M16 rifle

The M16 rifle, officially designated Rifle, Caliber 5.56 mm, M16, is a family of military rifles adapted from the ArmaLite AR-15 rifle for the United States military. The original M16 rifle was a 5.56 mm assault rifle with a 20-round magazine.

Rifle, Caliber 5.56 mm, M16
M16A2, multi-sided view
TypeAssault rifle
Place of originUnited States
Service history
In service1964–present[1]
Used bySee Users
WarsSee Conflicts
Production history
DesignerEugene Stoner (AR-10)[2]
L. James Sullivan (AR-15)[3]
  • 1963–present[1]
No. builtc. 8 million as of 2011[1]
VariantsSee List of Colt AR-15 and M16 rifle variants
Specifications (M16)
Mass7.5 lb (3.40 kg) (unloaded)[5]
8.81 lb (4.00 kg) (loaded with 30 rounds and sling)[6]
Length39.5 in (1,003 mm)
Barrel length20 in (508 mm)

Cartridge5.56×45 mm NATO (M193)
Caliber5.56 mm (.223 in)
ActionGas-operated, rotating bolt
Rate of fire45–60 rounds/min semi-automatic
700–950 rounds/min cyclic sustained (M16A1)[7]
700-900 rounds/min cyclic sustained (M16A2, M16A3)[8]
800 rounds/min cyclic sustained (M16A4)[8]
Muzzle velocity3,150 ft/s (960 m/s) (M855A1 round)[9]
Effective firing range550 m (601 yd) (point target)[10]
800 m (875 yd) (area target)[11]
Maximum firing range3,600 m (3,937 yd)
Feed systemSTANAG magazine
20-round detachable box magazine:
0.211 lb (96 g) empty / 0.738 lb (335 g) full
30-round detachable box magazine:
0.257 lb (117 g) empty / 1.06 lb (480 g) full)
Beta C-Mag 100-round drum magazine:
2.20 lb (1,000 g) empty / 4.81 lb (2,180 g) full)
SightsIron sights or various optics

In 1964, the M16 entered US military service and the following year was deployed for jungle warfare operations during the Vietnam War.[12] In 1969, the M16A1 replaced the M14 rifle to become the US military's standard service rifle.[13][14] The M16A1's improvements include a bolt-assist, chrome-plated bore and a 30-round magazine.[12]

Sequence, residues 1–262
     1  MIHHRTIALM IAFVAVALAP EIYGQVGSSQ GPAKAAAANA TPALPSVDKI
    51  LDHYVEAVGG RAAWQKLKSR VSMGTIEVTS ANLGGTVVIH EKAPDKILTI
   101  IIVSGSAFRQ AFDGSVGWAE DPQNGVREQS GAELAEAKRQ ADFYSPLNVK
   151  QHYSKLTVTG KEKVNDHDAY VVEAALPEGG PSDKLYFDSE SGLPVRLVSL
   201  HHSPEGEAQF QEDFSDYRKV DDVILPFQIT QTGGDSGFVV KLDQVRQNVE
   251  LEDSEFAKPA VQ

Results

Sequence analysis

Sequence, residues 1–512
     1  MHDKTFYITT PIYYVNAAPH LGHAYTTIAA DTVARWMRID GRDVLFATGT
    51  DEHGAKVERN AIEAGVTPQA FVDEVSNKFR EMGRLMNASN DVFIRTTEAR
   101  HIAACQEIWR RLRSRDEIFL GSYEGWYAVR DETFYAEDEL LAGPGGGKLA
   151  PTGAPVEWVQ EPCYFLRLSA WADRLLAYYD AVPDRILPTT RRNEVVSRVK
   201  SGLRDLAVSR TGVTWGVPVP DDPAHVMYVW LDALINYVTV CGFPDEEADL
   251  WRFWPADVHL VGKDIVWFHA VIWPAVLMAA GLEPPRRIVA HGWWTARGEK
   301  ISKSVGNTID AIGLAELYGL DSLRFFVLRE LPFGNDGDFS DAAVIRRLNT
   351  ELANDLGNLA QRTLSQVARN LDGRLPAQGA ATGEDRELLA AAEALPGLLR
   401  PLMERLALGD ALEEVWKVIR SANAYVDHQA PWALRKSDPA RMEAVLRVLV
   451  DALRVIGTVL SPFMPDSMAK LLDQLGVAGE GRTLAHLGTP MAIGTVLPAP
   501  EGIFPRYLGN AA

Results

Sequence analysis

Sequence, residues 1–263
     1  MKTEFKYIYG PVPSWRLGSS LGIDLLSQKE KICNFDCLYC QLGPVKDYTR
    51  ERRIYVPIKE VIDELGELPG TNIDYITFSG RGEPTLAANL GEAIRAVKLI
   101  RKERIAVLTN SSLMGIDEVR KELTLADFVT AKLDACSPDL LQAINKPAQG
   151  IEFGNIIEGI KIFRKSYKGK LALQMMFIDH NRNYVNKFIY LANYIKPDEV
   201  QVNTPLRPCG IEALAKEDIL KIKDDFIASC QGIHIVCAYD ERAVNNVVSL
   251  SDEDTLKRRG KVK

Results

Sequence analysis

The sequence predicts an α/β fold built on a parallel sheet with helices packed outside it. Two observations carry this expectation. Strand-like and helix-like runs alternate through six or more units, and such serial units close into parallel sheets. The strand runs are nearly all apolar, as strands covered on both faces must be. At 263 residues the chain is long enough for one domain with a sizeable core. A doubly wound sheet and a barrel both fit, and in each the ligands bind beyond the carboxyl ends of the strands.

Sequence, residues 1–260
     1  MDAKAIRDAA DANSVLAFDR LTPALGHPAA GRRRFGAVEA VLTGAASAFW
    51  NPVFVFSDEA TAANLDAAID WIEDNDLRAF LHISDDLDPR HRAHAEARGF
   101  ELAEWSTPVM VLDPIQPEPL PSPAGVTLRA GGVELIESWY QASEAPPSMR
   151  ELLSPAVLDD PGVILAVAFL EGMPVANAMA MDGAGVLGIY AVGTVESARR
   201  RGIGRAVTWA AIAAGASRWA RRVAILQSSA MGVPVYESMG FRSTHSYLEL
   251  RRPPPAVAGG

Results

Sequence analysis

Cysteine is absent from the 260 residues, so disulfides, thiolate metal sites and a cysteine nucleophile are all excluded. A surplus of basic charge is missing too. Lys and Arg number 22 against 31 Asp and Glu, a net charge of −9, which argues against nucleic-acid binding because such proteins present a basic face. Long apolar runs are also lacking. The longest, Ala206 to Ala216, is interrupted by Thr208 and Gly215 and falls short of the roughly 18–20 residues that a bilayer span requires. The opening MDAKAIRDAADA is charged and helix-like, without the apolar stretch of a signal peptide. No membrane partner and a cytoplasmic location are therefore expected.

In 1983, the US Marine Corps adopted the M16A2 rifle and the US Army adopted it in 1986. The M16A2 fires the improved 5.56×45 mm NATO (M855/SS109) cartridge and has a newer adjustable rear sight, case deflector, heavy barrel, improved handguard, pistol grip and buttstock, as well as a semi-auto and three-round burst fire selector.[15][16] Adopted in July 1997, the M16A4 is the fourth generation of the M16 series. It is equipped with a removable carrying handle and Picatinny rail for mounting optics and other ancillary devices.[17]

The M16 has also been widely adopted by other armed forces around the world. Total worldwide production of M16s is approximately 8 million, making it the most-produced firearm of its 5.56 mm caliber.[18][1] The US military has largely replaced the M16 in frontline combat units with a shorter and lighter version, the M4 carbine.[19][20]